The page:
The democracy of to-day hold the liberty of one man to be absolutely nothing, when in conflict with another man’s right of property. Republicans, on the contrary, are for both the man and the dollar; but in cases of conflict, the man before the dollar.

I remember once being much amused at seeing two partially intoxicated men engage in a fight with their great-coats on, which fight, after a long, and rather harmless contest, ended in each having fought himself out of his own coat, and into that of the other. If the two leading parties of this day are really identical with the two in the days of Jefferson and Adams,[1] they have performed the same feat as the two drunken men.

But soberly, it is now no child’s play to save the principles of Jefferson from total overthrow in this nation.

One would start with great confidence that he could convince any sane child that the simpler propositions of Euclid are true; but, nevertheless, he would fail, utterly, with one who should deny the definitions and axioms. The principles of Jefferson are the definitions and axioms of free society. And yet they are denied and evaded, with no small show of success. One dashingly calls them “glittering generalities”;[2] another bluntly calls them “self evident lies”;[3] and still others insidiously argue that they apply only to “superior races.”[4]

These expressions, differing in form, are identical in object and effect—the supplanting the principles of free government, and restoring those of classification, caste, and legitimacy. They would delight a convocation of crowned heads, plotting against the people. They are the van-guard—the miners, and sappers—of returning despotism. We must repulse them, or they will subjugate us.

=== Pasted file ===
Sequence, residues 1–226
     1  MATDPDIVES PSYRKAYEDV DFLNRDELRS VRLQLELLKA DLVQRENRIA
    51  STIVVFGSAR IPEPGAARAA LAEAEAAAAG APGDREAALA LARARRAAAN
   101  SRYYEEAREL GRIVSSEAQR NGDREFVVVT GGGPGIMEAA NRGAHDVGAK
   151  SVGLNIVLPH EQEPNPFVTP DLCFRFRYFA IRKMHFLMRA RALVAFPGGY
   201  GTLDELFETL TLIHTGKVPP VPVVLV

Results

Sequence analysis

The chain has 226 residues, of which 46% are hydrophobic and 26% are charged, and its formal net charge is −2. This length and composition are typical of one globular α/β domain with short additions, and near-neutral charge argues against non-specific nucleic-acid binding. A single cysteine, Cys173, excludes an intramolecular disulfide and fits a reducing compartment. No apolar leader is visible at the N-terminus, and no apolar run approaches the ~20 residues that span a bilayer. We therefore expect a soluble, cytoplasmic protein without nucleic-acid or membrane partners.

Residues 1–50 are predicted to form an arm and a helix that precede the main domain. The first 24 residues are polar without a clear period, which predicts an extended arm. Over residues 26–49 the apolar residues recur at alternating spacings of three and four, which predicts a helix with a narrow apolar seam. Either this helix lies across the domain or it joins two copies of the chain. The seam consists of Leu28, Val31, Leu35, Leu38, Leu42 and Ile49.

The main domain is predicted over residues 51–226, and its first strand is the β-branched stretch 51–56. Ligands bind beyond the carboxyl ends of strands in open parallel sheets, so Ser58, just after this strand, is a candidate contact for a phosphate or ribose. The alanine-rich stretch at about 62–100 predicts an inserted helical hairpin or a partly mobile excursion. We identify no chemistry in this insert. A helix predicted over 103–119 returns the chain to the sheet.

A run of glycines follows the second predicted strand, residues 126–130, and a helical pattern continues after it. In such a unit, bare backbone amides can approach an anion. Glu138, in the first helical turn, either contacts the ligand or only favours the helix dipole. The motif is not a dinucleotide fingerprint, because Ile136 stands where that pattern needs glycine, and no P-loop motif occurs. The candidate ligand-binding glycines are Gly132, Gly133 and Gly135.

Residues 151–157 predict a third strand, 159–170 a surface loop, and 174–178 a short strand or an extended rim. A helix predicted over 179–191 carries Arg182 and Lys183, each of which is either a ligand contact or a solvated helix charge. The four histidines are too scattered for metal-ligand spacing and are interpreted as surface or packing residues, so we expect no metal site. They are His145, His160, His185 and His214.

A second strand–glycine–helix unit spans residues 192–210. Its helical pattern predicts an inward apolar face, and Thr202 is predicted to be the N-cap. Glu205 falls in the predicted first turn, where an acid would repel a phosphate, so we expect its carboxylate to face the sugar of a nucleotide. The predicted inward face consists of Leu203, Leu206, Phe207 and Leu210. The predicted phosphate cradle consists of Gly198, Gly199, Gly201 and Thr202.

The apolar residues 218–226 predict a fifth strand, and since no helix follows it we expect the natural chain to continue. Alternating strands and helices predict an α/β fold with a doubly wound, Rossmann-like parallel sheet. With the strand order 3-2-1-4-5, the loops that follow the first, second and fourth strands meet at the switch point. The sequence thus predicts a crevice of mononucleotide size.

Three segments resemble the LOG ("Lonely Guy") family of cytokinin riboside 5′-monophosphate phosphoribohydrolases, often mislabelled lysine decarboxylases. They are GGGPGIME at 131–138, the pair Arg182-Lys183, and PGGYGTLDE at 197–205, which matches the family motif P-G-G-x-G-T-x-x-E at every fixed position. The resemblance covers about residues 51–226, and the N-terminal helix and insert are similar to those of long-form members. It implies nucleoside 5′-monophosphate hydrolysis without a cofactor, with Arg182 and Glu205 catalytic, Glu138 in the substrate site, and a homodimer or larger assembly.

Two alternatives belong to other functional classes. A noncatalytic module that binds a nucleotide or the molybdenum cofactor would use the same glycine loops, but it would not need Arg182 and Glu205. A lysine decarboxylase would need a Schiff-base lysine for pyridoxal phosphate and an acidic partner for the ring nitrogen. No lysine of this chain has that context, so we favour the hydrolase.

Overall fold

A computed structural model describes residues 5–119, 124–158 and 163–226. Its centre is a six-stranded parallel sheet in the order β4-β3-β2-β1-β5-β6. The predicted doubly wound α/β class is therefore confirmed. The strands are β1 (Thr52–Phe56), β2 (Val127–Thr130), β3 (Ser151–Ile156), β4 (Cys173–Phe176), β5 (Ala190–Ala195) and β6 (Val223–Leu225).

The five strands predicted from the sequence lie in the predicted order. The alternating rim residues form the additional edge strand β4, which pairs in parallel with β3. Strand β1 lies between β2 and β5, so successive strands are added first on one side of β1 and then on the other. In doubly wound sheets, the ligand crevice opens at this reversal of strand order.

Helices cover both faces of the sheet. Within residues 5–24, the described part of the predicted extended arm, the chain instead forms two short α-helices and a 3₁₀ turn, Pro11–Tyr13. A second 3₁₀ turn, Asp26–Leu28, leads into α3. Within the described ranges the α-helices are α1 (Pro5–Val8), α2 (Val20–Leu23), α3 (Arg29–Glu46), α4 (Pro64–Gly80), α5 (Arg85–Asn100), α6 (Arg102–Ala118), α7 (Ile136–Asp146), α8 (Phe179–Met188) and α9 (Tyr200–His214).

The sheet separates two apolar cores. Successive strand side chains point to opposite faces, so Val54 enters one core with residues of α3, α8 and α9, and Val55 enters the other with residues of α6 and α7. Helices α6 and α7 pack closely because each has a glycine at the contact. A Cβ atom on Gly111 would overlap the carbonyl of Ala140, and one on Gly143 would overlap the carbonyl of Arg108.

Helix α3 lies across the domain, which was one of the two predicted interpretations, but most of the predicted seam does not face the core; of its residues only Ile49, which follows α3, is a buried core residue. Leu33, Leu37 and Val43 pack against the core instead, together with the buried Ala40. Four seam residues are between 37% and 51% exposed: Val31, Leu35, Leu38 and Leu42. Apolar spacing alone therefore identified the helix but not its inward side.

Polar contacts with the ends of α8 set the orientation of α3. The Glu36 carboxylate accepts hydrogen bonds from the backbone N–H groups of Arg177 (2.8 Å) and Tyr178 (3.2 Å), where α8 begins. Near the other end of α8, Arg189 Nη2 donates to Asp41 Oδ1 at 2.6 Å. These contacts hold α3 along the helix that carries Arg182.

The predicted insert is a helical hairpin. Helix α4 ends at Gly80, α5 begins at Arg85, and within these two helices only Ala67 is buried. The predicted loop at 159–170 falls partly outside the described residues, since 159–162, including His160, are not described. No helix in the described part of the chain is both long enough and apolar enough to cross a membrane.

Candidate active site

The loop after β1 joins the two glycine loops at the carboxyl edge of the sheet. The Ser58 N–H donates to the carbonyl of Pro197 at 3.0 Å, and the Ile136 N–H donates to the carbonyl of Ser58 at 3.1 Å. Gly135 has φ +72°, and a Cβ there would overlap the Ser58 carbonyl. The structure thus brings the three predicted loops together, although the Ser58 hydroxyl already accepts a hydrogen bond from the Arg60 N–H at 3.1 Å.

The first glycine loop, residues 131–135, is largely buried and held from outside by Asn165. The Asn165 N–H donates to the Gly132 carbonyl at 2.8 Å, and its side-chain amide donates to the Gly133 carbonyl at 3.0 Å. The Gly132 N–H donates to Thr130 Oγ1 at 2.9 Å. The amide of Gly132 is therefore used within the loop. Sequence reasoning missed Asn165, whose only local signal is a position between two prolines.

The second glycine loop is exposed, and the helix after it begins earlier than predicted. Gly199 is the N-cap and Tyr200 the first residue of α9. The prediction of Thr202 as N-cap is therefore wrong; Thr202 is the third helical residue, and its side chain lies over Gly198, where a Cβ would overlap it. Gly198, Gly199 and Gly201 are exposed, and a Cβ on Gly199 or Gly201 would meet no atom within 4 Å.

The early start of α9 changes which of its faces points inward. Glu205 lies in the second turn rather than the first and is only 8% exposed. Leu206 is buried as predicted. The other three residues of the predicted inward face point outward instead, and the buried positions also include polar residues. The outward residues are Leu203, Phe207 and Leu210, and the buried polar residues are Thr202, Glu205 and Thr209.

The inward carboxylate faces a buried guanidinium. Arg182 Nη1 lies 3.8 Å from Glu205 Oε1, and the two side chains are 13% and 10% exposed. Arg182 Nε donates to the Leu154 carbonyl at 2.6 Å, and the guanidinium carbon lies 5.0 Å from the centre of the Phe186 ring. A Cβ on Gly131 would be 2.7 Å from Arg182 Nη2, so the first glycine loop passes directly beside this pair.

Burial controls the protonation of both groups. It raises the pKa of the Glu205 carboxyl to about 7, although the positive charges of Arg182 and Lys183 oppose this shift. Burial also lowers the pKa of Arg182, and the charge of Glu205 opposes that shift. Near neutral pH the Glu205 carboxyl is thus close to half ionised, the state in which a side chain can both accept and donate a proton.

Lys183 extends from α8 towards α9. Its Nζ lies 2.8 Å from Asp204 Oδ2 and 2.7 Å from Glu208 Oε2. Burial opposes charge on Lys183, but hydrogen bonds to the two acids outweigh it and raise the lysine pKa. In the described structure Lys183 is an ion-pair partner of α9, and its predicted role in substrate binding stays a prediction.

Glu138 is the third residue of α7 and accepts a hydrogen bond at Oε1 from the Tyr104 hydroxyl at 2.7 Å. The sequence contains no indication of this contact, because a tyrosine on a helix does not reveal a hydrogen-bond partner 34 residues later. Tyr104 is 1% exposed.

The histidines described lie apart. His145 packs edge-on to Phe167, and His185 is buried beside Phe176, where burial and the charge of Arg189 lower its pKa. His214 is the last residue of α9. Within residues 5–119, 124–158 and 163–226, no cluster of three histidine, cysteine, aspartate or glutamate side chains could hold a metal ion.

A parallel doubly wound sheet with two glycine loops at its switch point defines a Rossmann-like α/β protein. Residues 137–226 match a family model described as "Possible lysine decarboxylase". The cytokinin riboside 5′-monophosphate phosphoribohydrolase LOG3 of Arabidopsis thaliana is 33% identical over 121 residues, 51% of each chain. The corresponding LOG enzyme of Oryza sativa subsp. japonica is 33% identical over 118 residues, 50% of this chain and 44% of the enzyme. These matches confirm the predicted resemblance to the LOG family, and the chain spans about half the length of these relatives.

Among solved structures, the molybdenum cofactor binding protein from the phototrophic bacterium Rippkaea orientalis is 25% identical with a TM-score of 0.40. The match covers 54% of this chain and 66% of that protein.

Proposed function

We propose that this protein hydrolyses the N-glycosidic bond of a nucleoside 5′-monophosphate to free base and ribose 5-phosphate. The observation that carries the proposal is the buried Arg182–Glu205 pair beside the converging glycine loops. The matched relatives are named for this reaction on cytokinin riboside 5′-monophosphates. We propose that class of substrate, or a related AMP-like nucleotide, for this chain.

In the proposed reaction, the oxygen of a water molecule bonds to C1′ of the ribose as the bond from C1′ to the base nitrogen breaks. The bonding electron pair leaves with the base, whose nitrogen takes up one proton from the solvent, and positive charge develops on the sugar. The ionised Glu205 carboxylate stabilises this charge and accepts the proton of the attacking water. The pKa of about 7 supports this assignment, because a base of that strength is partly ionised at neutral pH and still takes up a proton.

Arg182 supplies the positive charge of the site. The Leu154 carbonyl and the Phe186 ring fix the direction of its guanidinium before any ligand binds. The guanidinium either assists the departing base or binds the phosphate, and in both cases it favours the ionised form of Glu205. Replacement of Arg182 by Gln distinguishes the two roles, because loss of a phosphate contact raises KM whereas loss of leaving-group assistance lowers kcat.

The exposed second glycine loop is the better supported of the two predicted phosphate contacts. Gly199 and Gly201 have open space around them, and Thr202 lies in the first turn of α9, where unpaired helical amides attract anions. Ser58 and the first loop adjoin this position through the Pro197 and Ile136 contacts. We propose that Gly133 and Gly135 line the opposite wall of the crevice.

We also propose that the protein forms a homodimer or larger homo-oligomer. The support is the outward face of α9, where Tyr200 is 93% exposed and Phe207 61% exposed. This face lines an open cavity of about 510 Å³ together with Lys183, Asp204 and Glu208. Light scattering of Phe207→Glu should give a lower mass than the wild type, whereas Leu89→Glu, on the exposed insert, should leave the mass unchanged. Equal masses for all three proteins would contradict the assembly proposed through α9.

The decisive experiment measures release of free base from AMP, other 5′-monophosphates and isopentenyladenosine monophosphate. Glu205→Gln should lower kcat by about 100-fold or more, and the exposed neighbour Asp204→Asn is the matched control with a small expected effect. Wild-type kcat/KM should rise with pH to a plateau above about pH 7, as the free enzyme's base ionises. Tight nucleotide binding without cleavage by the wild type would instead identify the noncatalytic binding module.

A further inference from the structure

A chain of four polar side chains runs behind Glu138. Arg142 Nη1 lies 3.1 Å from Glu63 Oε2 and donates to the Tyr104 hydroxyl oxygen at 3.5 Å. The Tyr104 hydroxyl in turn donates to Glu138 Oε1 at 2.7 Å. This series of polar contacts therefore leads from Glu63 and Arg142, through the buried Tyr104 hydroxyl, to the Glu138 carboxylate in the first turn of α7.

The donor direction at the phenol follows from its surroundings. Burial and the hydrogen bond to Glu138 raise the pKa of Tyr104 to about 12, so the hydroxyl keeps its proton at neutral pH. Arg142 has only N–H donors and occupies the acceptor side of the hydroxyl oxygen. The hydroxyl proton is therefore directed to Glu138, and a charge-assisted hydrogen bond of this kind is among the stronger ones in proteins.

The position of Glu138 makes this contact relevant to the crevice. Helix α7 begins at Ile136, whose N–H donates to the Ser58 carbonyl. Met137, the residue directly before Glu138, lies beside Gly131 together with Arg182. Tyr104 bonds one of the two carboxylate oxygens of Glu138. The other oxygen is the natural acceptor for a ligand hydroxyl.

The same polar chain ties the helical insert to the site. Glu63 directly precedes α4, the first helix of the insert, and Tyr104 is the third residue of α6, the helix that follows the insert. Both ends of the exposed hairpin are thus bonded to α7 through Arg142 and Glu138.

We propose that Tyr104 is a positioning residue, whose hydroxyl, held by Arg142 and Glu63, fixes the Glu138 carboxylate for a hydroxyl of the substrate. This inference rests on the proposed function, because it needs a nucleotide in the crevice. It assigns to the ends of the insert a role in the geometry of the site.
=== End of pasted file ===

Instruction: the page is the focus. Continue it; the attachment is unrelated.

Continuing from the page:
This is a world of compensations; and he who would be no slave, must consent to have no slave. Those who deny freedom to others, deserve it not for themselves; and, under a just God, can not long retain it.

All honor to Jefferson—to the man who, in the concrete pressure of a struggle for national independence by a single people, had the coolness, forecast, and capacity to introduce into a merely revolutionary document, an abstract truth, applicable to all men and all times, and so to embalm it there, that to-day, and in all coming days, it shall be a rebuke and a stumbling-block to the very harbingers of re-appearing tyranny and oppression.

Your obedient servant,


  1. 1. Lincoln is referring to the Democratic-Republicans and the Federalists.
  2. 2. The reference here is to Rufus Choate from a public letter he wrote to the Maine Whig Committee.
  3. 3. The “self -evident lies” quote is credited to Senator John Pettit of Indiana. More broadly, this phrase could also be associated with John Calhoun.
  4. 4. Lincoln is likely referring to the ideas of Stephen Douglas here.